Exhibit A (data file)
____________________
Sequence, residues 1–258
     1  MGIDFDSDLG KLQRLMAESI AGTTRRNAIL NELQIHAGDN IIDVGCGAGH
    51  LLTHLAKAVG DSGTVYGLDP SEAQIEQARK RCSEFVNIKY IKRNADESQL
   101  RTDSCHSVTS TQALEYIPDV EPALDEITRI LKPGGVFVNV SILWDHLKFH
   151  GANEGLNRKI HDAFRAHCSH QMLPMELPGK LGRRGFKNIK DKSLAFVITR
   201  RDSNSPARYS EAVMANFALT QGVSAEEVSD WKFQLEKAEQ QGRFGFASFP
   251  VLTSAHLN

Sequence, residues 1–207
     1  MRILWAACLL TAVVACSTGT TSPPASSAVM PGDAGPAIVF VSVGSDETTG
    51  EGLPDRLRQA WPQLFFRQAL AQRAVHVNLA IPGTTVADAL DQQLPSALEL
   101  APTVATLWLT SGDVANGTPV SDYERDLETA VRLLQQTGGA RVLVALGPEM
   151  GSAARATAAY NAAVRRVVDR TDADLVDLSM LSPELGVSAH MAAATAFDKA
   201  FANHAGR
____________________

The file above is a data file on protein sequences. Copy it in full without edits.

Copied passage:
Sequence, residues 1–258
     1  MGIDFDSDLG KLQRLMAESI AGTTRRNAIL NELQIHAGDN IIDVGCGAGH
    51  LLTHLAKAVG DSGTVYGLDP SEAQIEQARK RCSEFVNIKY IKRNADESQL
   101  RTDSCHSVTS TQALEYIPDV EPALDEITRI LKPGGVFVNV SILWDHLKFH
   151  GANEGLNRKI HDAFRAHCSH QMLPMELPGK LGRRGFKNIK DKSLAFVITR
   201  RDSNSPARYS EAVMANFALT QGVSAEEVSD WKFQLEKAEQ QGRFGFASFP
   251  VLTSAHLN

Sequence, residues 1–207
     1  MRILWAACLL TAVVACSTGT TSPPASSAVM PGDAGPAIVF VSVGSDETTG
    51  EGLPDRLRQA WPQLFFRQAL AQRAVHVNLA IPGTTVADAL DQQLPSALEL
   101  APTVATLWLT SGDVANGTPV SDYERDLETA VRLLQQTGGA RVLVALGPEM
   151  GSAARATAAY NAAVRRVVDR TDADLVDLSM LSPELGVSAH MAAATAFDKA
   201  FANHAGR